BEIJING (Reuters) - Secretary of State Hillary Clinton arrived in China on Wednesday for top-level talks that risk being upstaged by the fate of a blind dissident whose supporters say is under U.S. protection in Beijing after escaping house arrest.
Washington has not even commented on the whereabouts of the dissident, legal activist Chen Guangcheng, whose plight has overshadowed the Strategic and Economic Dialogue due to begin on Thursday. The United States hopes the talks will encourage greater Chinese cooperation on trade as well over Iran, Syria, North Korea and other international disputes.
Chen's friends and supporters have said he is probably inside the fortress-like U.S. embassy in northeast Beijing.
The official silence about his fate from both Washington and Beijing has shown their eagerness to contain friction over his case. Relations could easily go awry, especially with the ruling Communist Party wrestling with a leadership scandal and a looming power succession.
"Of course, as the U.S. must realize, this does quite a lot of harm to China-U.S. relations," Shi Yinhong, a professor of international relations at Renmin University in Beijing said of Chen's reported flight into U.S. protection.
"In this situation, both sides want to restrict the impact of this (Chen) incident. But whether they can find a way to resolve the problem relatively quickly depends on how the dialogue and discussions go," Shi added.
Before leaving for China on Monday, Clinton promised to press China's leaders on human rights, an issue that has dropped down the agenda between the two countries in the more than two decades since the 1989 Tiananmen Square crackdown.
The annual talks give Washington a chance to push China to pressure Iran and North Korea over their nuclear programs, halting Syria's crackdown on unarmed protesters and reducing tensions over disputed territories in the South China Sea.
But Beijing has been reluctant to back tougher international sanctions against Tehran and Pyongyang. It also worries that U.S. efforts to strengthen its presence in Asia have emboldened countries disputing Chinese claims in the South China Sea.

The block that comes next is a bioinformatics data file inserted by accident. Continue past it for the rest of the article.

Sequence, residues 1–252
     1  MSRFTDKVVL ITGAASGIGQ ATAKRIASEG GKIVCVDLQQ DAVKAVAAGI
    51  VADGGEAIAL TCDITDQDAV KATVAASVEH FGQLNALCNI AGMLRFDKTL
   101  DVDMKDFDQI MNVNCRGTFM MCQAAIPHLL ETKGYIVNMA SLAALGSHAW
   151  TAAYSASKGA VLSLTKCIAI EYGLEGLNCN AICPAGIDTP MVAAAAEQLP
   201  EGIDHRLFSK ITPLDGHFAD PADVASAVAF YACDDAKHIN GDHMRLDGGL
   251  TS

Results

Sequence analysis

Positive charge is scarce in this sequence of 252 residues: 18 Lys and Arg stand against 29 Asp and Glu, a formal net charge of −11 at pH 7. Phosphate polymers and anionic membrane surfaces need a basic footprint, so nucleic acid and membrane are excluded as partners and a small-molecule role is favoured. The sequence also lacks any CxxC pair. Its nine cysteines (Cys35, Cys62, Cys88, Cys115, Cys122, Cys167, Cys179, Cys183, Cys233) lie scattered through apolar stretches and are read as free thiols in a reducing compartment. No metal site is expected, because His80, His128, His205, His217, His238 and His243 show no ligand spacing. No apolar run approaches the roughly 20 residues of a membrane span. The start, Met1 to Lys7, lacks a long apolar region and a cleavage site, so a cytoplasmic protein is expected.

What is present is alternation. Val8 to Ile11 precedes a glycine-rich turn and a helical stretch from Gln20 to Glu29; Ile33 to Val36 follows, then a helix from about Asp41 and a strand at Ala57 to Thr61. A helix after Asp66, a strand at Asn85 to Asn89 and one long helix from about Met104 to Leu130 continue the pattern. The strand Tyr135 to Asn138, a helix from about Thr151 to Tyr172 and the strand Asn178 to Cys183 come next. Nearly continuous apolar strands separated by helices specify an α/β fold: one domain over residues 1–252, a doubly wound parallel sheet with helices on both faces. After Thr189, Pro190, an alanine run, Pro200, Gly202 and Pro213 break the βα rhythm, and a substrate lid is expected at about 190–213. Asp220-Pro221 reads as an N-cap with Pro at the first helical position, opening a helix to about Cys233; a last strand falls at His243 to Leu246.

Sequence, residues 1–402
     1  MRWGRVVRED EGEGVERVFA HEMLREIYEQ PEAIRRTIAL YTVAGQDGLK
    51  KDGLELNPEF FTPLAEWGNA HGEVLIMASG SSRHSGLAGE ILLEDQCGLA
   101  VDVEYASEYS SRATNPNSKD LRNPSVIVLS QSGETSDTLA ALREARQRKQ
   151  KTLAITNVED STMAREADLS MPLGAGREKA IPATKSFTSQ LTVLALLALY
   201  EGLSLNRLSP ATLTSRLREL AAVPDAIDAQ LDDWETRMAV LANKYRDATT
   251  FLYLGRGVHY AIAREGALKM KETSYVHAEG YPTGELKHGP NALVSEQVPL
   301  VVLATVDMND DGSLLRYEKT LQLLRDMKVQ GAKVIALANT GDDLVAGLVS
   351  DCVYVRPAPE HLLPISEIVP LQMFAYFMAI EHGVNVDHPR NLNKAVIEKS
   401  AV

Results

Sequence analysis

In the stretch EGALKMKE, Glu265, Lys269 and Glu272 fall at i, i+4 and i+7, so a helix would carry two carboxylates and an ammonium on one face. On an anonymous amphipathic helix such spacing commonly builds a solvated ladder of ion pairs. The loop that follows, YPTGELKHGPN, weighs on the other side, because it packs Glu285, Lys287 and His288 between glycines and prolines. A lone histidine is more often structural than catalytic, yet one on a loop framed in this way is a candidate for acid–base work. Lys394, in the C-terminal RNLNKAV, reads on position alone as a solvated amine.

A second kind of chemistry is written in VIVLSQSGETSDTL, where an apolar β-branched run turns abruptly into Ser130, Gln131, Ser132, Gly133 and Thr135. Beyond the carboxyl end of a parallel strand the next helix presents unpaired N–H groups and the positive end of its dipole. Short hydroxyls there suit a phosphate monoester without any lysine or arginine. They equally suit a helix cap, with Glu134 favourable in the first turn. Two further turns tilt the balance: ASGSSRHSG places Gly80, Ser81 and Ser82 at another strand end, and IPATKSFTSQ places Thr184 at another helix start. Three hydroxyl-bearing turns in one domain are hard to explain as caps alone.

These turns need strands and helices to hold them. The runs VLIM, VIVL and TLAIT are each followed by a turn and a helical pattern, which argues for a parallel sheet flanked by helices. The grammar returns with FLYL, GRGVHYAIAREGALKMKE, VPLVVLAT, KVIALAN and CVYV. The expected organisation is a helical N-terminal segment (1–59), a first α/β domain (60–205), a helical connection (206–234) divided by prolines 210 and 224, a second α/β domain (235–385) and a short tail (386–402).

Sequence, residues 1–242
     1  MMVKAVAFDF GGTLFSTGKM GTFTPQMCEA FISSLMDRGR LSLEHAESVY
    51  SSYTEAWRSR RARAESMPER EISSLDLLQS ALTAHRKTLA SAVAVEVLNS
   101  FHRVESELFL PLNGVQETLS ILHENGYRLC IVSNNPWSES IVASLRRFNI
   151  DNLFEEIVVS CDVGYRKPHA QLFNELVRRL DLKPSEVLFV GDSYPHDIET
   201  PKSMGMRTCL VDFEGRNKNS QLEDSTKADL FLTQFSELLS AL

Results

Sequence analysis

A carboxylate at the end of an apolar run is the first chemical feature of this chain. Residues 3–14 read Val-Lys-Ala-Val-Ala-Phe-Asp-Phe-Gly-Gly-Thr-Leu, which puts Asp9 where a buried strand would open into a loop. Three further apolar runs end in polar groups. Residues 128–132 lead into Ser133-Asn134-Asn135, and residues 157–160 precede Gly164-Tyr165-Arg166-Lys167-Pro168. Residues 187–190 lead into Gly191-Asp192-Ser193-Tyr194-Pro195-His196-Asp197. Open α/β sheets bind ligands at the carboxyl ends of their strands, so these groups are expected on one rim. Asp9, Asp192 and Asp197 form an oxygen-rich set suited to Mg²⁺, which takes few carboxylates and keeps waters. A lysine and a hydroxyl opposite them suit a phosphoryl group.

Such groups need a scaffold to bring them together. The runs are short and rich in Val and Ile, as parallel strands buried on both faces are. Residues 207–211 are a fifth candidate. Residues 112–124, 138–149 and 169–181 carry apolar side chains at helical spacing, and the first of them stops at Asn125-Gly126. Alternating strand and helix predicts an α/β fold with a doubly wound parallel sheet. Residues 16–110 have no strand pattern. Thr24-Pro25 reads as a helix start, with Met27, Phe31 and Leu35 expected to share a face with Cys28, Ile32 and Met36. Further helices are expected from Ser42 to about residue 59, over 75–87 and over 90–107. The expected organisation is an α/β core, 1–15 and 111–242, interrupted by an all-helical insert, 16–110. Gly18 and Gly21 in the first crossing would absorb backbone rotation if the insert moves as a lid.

Washington is preoccupied with President Barack Obama's bid for re-election late this year, but ructions in Chinese domestic politics have dogged ties, causing the Obama administration to tread carefully in dealing with Beijing which faces a leadership succession late this year.
"The vulnerability on the part of the Chinese leadership may in turn make decision-makers even more cautious in foreign policy issues," said Cheng Li, an expert on Chinese politics at the Brookings Institution, a think-tank in Washington D.C.
"It is also a daunting challenge for the United States to find a delicate balance between adhering its principles about human rights, rule of law and democracy on the one hand, and maintaining cooperative and constructive relationship with the Chinese government on various important issue areas on the other hand."
A commentary in China's official People's Daily overseas edition said the United States was "disturbing still waters" by setting up military bases in Asia, selling weapons to the region and interfering in the South China Sea dispute.
"The United States should be as good as its word and avoid sending the wrong message to relevant countries and not assist them in provoking China over the South China Seas dispute or push them to make reckless moves," it said.
Treasury Secretary Timothy Geithner is also set to attend the talks, which come amid some progress in long-standing disputes over currency, trade and market access.
But the case of dissident Chen is likely to hover in the background throughout the two days of talks.
Chen, a self-taught 40-year-old legal activist, escaped house arrest in Shandong province over a week ago and travelled to the capital with the help of supporters. He had been locked up in his home village for 19 months by officials who saw him as a troublesome symbol of resistance to party policies.
Washington had already become entangled in Chinese political upheavals in February, when Wang Lijun, a vice mayor in Chongqing in southwest China, fled to a U.S. consulate for a day and denounced his boss, Bo Xilai, and Bo's wife, Gu Kailai, whom Wang accused of killing a British businessman, Neil Heywood.
Bo was later removed from his posts and his wife Gu is under criminal investigation over Heywood's death. The United States has also avoided making detail comment over that scandal.
On Monday, Obama nudged China to improve its human rights record. He walked a fine line between not saying anything that would make it harder to resolve Chen's case while conveying U.S. concern for human rights and appreciation for wider cooperation with China.
Writing by Michael Martina and Chris Buckley; Additional reporting by Chris Buckley; Editing by Don Durfee and Mark Bendeich